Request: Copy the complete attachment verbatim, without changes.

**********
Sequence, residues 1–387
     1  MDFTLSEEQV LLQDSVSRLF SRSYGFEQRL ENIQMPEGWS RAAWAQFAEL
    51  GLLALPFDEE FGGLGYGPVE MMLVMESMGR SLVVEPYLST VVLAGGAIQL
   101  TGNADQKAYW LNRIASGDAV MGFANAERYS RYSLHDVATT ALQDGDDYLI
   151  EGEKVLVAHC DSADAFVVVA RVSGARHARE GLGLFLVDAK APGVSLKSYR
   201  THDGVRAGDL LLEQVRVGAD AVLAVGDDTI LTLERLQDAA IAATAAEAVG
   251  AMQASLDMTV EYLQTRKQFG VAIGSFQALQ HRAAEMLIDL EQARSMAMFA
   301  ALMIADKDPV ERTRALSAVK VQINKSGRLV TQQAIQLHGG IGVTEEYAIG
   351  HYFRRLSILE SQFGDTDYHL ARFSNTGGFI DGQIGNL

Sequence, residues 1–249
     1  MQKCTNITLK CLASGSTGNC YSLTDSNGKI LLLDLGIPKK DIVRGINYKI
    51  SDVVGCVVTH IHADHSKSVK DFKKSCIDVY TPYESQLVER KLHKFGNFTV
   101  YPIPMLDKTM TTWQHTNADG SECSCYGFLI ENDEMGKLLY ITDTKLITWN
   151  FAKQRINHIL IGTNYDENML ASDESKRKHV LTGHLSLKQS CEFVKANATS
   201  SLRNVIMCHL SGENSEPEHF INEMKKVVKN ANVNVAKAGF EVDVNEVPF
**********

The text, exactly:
Sequence, residues 1–387
     1  MDFTLSEEQV LLQDSVSRLF SRSYGFEQRL ENIQMPEGWS RAAWAQFAEL
    51  GLLALPFDEE FGGLGYGPVE MMLVMESMGR SLVVEPYLST VVLAGGAIQL
   101  TGNADQKAYW LNRIASGDAV MGFANAERYS RYSLHDVATT ALQDGDDYLI
   151  EGEKVLVAHC DSADAFVVVA RVSGARHARE GLGLFLVDAK APGVSLKSYR
   201  THDGVRAGDL LLEQVRVGAD AVLAVGDDTI LTLERLQDAA IAATAAEAVG
   251  AMQASLDMTV EYLQTRKQFG VAIGSFQALQ HRAAEMLIDL EQARSMAMFA
   301  ALMIADKDPV ERTRALSAVK VQINKSGRLV TQQAIQLHGG IGVTEEYAIG
   351  HYFRRLSILE SQFGDTDYHL ARFSNTGGFI DGQIGNL

Sequence, residues 1–249
     1  MQKCTNITLK CLASGSTGNC YSLTDSNGKI LLLDLGIPKK DIVRGINYKI
    51  SDVVGCVVTH IHADHSKSVK DFKKSCIDVY TPYESQLVER KLHKFGNFTV
   101  YPIPMLDKTM TTWQHTNADG SECSCYGFLI ENDEMGKLLY ITDTKLITWN
   151  FAKQRINHIL IGTNYDENML ASDESKRKHV LTGHLSLKQS CEFVKANATS
   201  SLRNVIMCHL SGENSEPEHF INEMKKVVKN ANVNVAKAGF EVDVNEVPF